Hardly seems like it was eight months ago today that Battleland began its monthly countdown to the pain of sequestration:
“That’s nine months from today,” we noted back on April 2. “Seems like a long time, but it’ll be here before you know it.”
If Congress and President Obama can’t agree on $1.2 trillion in spending cuts and/or tax revenues for the coming decade, the Pentagon faces up to $600 billion in spending cuts over the coming decade (atop a already-implemented $487 billion reduction in its spending plans). It would be painful because the cuts would be largely across the board, at least in the first year.
The deadline is only 31 days away, per last year’s Budget Control Act:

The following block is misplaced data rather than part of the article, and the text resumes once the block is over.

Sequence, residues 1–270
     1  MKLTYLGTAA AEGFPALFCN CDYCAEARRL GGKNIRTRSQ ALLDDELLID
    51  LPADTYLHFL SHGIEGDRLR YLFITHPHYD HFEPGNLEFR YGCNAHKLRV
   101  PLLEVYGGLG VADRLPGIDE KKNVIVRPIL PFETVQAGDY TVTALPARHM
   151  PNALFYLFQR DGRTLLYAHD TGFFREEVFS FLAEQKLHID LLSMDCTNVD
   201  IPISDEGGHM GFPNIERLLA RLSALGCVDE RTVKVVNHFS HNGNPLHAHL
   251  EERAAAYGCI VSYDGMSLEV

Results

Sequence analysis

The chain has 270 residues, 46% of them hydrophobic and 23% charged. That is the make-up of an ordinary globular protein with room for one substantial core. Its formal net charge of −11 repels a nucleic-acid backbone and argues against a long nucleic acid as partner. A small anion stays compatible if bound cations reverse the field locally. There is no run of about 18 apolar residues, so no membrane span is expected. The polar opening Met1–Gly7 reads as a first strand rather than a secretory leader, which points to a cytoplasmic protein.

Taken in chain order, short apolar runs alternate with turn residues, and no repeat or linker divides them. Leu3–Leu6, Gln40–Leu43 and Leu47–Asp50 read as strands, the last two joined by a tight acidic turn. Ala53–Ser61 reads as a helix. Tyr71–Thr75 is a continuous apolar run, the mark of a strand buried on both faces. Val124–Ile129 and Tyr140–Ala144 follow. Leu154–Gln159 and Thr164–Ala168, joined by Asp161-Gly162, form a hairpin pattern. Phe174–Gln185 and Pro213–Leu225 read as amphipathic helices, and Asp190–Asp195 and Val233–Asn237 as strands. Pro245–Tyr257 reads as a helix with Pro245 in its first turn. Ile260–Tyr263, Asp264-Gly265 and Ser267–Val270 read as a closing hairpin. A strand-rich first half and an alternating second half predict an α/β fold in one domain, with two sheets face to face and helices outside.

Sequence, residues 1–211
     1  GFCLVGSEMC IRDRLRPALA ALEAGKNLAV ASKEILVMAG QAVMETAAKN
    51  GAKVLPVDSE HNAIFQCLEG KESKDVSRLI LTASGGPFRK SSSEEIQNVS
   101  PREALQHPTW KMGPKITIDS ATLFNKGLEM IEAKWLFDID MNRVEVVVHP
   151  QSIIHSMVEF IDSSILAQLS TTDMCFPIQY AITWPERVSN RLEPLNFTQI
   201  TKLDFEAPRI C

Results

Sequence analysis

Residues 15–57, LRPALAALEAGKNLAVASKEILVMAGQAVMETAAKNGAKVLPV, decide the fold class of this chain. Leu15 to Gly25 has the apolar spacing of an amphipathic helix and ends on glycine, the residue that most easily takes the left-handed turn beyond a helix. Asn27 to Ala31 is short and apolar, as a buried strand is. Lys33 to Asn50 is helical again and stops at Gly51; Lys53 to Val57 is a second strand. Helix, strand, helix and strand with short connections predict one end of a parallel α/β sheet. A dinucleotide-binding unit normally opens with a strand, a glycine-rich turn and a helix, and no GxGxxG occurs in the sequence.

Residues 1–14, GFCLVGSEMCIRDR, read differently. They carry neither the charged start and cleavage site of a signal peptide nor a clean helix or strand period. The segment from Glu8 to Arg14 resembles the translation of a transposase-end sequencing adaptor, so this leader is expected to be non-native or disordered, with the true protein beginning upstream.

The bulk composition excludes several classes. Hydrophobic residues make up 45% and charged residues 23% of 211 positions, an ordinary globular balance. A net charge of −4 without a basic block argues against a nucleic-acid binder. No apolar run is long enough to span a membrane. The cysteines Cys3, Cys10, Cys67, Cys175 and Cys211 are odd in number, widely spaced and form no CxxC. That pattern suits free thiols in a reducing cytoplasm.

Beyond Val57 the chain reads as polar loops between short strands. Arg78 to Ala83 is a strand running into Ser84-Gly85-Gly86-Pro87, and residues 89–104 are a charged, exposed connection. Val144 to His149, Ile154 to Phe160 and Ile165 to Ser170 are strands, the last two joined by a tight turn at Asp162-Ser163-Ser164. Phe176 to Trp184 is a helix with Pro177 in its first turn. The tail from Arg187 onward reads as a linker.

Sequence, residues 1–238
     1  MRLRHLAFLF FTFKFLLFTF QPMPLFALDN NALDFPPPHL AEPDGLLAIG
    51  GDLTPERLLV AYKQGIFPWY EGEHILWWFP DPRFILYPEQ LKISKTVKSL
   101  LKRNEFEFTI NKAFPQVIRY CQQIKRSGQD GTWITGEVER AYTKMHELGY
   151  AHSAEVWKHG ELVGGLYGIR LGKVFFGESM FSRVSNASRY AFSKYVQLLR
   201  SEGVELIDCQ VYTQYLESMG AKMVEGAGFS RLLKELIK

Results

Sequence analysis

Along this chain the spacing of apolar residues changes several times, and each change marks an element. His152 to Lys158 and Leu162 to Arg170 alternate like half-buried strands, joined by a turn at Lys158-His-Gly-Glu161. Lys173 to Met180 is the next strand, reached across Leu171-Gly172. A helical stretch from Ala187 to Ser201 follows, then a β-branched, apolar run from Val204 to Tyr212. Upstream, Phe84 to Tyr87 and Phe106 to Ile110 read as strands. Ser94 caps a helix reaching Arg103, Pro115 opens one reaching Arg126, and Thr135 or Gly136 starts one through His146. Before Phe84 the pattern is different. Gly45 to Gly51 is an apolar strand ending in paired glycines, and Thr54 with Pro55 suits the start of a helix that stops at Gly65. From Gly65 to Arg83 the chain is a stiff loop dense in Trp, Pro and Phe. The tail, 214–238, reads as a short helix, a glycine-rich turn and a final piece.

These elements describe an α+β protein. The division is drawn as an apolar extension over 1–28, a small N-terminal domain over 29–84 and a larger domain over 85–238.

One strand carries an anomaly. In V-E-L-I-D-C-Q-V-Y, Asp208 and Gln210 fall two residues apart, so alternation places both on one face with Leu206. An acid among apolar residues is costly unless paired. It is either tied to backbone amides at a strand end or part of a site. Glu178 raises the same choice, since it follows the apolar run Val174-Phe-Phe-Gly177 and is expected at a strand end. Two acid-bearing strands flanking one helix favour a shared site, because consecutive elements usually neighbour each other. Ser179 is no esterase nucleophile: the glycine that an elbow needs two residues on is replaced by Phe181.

Defense Secretary Leon Panetta told the Center for a New American Security last month that the topic surfaced while he was meeting with his southeast Asian counterparts in Perth, Australia.
“One of the defense ministers said, `You know, it’s great that you’re rebalancing to the Pacific, but can you sustain that when you have a Congress that is prepared to do sequester or walk off a fiscal cliff?'” Panetta recalled. “I said, `That issue whether our democracy can truly function, and have leaders that are prepared to make the decisions that have to be made in order for this country to govern itself, is, I think, you know, the issue that will determine ultimately whether we have national security.”
Well, sequestration – if it happens — is going to be painful, messy and disruptive. But paring U.S. military spending back to 2007’s level, which is what the sequester would do, won’t eliminate national security.
Recent inactivity and posturing, by both Obama and congressional Republicans, suggest that if the perils of Panetta are to be avoided, it’s going to happen at the last minute.
Probably best, then, to write your plans for New Year’s Eve in pencil.